WASHINGTON In a more normal environment, the founding of a New England community bank to serve small business borrowers would fill the back pages of a newspaper. But regulators' approval of a small bank in Bedford, N.H., is a potentially major development that signals a crack in the government's apparent reluctance to allow new bank charters.
Primary Bank is just the second new bank to be approved in more than four years, and charts a potential path for other applicants to follow. The approval, which was reported last week, came more than a year after regulators signed off on Bank of Bird-in-Hand in Pennsylvania in late 2013.
"This does now open the logjam. Now the [Federal Deposit Insurance Corp.] has a process, and as long as future applicants follow that process, they should be in good shape," said Donald Musso, president and chief executive of the consulting firm FinPro, which worked with the new bank's organizers to move the application.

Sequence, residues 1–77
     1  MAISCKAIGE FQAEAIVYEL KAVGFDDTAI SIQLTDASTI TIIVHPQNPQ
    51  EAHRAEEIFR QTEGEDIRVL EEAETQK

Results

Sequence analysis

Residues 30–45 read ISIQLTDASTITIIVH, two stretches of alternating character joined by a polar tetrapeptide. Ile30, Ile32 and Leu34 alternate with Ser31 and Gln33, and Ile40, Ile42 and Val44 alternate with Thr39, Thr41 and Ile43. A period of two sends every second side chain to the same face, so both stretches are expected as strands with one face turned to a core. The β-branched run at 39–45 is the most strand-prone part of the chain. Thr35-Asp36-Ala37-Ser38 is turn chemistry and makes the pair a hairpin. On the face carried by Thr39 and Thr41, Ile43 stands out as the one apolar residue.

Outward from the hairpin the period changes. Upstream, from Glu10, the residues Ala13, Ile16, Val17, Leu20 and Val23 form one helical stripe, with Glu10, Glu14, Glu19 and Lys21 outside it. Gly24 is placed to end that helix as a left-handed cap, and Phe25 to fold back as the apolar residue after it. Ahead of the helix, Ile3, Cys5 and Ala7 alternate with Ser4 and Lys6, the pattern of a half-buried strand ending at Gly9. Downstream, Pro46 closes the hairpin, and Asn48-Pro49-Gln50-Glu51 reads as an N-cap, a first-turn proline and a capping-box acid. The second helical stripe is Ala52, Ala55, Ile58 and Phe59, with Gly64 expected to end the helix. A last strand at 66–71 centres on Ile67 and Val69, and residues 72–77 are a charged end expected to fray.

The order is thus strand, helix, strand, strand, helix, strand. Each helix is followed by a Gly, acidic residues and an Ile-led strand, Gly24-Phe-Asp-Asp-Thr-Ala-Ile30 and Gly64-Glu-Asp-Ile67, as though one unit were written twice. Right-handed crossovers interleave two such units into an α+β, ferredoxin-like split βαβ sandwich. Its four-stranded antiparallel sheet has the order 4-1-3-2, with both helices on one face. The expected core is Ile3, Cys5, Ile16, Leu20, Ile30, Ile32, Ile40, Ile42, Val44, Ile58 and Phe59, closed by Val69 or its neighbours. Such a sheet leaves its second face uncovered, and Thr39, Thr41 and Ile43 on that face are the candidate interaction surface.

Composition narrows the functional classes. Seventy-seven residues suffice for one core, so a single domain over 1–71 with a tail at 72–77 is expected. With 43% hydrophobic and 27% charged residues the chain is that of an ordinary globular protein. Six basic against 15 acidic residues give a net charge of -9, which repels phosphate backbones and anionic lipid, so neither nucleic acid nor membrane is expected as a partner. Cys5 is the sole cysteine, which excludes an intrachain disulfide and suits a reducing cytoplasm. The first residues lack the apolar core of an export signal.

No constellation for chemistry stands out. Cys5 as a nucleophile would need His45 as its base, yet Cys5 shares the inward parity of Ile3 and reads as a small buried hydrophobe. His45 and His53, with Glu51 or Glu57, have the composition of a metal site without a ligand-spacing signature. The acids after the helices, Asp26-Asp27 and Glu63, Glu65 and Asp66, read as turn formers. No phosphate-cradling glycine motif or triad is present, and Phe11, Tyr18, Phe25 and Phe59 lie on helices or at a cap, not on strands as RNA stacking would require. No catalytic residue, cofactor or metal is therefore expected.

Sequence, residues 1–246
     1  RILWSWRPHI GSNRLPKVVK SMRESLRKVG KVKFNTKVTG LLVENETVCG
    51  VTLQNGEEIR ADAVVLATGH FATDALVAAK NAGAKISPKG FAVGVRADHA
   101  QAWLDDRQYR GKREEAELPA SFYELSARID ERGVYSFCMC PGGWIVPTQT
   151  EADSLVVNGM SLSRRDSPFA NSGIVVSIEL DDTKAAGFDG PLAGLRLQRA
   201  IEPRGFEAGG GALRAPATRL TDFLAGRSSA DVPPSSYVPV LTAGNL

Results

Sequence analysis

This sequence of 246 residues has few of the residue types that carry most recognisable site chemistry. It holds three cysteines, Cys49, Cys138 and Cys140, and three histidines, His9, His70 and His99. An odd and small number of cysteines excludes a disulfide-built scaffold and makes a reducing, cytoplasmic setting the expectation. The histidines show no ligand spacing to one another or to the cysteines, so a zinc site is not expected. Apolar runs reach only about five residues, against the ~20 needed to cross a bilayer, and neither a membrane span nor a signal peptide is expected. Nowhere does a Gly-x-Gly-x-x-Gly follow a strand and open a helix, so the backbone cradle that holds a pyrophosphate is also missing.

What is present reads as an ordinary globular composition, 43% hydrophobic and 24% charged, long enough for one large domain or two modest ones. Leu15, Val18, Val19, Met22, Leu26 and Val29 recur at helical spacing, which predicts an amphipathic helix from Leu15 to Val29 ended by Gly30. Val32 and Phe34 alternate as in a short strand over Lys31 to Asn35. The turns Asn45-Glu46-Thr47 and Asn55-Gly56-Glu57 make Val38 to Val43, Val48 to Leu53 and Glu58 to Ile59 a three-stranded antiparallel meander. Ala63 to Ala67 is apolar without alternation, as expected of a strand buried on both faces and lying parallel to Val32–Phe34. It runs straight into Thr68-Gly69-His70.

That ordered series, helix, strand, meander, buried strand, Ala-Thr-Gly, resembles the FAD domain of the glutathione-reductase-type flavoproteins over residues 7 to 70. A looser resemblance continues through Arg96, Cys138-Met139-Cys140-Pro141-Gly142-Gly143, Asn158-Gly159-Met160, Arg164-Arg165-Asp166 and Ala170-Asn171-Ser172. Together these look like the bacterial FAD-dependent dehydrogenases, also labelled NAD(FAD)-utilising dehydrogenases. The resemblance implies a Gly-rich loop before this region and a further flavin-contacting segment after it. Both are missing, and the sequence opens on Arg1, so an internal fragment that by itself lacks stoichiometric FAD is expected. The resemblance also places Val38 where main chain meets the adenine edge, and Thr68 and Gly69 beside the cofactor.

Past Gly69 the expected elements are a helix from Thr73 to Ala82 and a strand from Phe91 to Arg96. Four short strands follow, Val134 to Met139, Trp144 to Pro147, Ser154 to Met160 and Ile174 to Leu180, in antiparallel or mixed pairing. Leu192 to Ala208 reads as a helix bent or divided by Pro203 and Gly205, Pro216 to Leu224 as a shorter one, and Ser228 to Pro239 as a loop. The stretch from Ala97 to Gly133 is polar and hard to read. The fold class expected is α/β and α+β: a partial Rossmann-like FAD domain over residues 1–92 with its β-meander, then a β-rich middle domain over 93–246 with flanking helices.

Musso said he is in conversations with four other clients possibly interested in filing de novo applications, although nothing is official yet.
The regulators are "working really hard in trying to open the doors for new de novos to form, but the standards are pretty high," he added. "You need $20 million-plus of new capital, which is a lot of capital. You've got to have enough capital to make it to profitability."
To be sure, one approval hardly makes a trend, and Primary Bank's application appeared to have advantages others lack. That includes the absorption of other New Hampshire banks through acquisitions by larger players, making the area fertile ground for startups.
But observers said the approval does offer hope that regulators and investors are more willing to consider bids as the economic rebound continues.
"I don't believe there is going to be a mad rush for de novo banks, but hopefully we're going to start seeing some de novo formations," said Byron Richardson, senior consultant for Bank Resources in Atlanta. "A flurry of de novo formations have often come at the end of a down economic cycle. Hopefully, not only the FDIC but the other regulatory authorities are warming up to the possibility of establishing de novos."